We then went to the “nearest” town, Villa el Carmen, to sign the appropriate papers. Now of course, it was noon time and everyone knows that nothing functions except stomachs during this time. We found a home where a woman was willing to feed us for a reasonable price. It was the family front room and we ate at their table with the family dogs participating. My meal was a gift because it was my birthday, which was thoughtful. Finally, offices opened and papers were signed and we returned to the scene of the “purchase” with the fellows who needed to return there and retrieve their choice of cow. Now it was time to start home….and by a much different route. We had arrived by the wrong route…a real road was very near the farm…so off we went toward home but before we were on the main road a large panel truck came careening around a curve at a far too great velocity. Claudio did a ‘graced’ maneuver and got us out the way of the menacing evil truck….second mini-miracle of the day!
Later that evening, as I was relaxing and waiting for a new group of volunteers plus Chepe, with whom I also minister, to arrive at the house I was thoroughly surprised and DELIGHTED to receive a phone call from my sisters at my home base, Goldengate Community in Detroit. I’ve forbidden folks to call because it is too expensive but somehow that command was ignored and I was so glad to hear their voices and greetings. It made my day!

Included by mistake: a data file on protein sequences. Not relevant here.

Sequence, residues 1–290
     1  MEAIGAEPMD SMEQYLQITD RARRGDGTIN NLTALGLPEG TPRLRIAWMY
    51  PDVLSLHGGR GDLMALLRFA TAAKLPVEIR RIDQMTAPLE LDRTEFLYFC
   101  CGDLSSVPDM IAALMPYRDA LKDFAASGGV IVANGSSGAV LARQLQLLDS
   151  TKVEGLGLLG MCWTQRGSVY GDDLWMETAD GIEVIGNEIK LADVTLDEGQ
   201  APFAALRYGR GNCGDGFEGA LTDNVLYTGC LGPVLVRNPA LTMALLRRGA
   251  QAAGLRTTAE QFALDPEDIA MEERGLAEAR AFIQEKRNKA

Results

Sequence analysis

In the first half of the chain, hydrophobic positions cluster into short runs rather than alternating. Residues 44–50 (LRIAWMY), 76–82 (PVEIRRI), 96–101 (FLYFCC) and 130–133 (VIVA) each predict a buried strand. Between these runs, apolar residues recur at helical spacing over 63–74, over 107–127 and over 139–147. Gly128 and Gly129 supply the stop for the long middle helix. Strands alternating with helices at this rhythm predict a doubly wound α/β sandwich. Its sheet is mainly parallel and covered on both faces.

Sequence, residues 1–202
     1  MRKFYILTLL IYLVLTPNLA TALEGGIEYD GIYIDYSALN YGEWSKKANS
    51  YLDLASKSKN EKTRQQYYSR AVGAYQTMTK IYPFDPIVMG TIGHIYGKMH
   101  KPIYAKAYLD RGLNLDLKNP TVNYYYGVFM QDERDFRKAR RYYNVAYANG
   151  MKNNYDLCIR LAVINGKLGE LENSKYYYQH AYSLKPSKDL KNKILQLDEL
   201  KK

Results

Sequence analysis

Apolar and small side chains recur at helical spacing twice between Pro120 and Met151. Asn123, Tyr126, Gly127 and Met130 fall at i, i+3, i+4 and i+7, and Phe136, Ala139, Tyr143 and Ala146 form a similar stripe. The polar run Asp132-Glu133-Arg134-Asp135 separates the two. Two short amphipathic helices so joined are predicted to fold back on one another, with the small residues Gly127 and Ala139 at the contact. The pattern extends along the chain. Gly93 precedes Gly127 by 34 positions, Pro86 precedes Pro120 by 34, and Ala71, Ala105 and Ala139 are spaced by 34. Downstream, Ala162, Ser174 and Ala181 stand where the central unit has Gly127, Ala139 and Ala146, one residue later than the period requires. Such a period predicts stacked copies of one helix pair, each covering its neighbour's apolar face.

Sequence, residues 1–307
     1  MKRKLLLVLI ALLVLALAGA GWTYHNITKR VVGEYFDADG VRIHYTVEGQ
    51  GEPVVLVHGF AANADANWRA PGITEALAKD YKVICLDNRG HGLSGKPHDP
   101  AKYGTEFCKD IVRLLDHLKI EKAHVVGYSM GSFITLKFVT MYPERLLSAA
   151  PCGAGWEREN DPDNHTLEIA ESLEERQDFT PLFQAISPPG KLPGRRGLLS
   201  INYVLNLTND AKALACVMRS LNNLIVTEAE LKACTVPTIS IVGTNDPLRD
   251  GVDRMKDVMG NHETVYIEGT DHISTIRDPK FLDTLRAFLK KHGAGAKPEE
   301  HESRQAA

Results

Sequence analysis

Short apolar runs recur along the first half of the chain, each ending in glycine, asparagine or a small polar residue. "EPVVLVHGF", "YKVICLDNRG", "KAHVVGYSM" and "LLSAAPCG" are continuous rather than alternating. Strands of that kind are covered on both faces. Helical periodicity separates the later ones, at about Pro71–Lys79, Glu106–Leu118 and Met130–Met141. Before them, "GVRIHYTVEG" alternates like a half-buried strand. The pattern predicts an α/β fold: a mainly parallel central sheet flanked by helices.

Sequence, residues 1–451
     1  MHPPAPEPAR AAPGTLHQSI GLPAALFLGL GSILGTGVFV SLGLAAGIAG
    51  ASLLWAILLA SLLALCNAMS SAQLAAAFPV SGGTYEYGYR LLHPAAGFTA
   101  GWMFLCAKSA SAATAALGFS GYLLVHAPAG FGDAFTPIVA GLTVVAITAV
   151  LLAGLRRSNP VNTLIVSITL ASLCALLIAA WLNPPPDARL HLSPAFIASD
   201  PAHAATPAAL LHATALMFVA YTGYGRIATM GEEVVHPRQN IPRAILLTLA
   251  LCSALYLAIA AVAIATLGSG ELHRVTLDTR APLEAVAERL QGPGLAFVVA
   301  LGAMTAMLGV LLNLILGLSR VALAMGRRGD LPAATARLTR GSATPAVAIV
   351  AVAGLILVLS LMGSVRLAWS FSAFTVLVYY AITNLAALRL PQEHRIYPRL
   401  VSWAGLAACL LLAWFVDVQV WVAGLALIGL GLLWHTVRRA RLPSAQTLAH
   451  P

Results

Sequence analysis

Eventually, Chepe and the six new Capuchin volunteers arrived. I sent Chepe out for ice cream and pop and we had a great time chatting and getting to know each other. I had supplied the cake which Cantera gives each of us as we celebrate our day. It was a great ending to a very FULL day. Was I grateful for life? You know the answer!
The next day I was surprised by my women’s group in Los Planes de Cuajachillo with a fiesta. The cake was a large pineapple upside down version…very delicious.. and the children had prepared a sign with “Feliz Cumpleanos, Juanita” preceded by lots of balloons! I was gifted with their presence, singing, and…green peppers, tomatoes, a granadilla (a large fruit used to make a delicious juice), fresh milk, a pitahya (a, Nica purple fruit for juice), bananas and red beans. All of the above are products of their little farms and lovingly grown. I was surprised and humbled by their generosity. I had unnerved them prior to our gathering by not arriving, as I always do, on the 1:10pm bus from mid-Managua. They figured I wasn’t coming…and after all the preparations! Well, I arrived about 1:45 by truck with Javier driving. I had the inspiration in the morning to ask him if by chance he was going to Los Planes that afternoon! Well, it’s a good thing I was not traveling by bus…how would I ever have arrived back in Batahola Norte with all the produce gifts!!?? No one had thought of that! All in all it was a great birthday and I give thanks for all the folks in my life…both in the North and in the South…and in some further off places!
Life here continues to take its toll on the people as countries pull out of their previous commitments … some choosing to support African nations, others finding themselves tightening belts due to the international financial situation and still others who find it difficult to work with the current political situation.
Thanks for each of you and for your interest in our sisters and brothers of Nicaragua and in my journey with them.
Love and gratitude,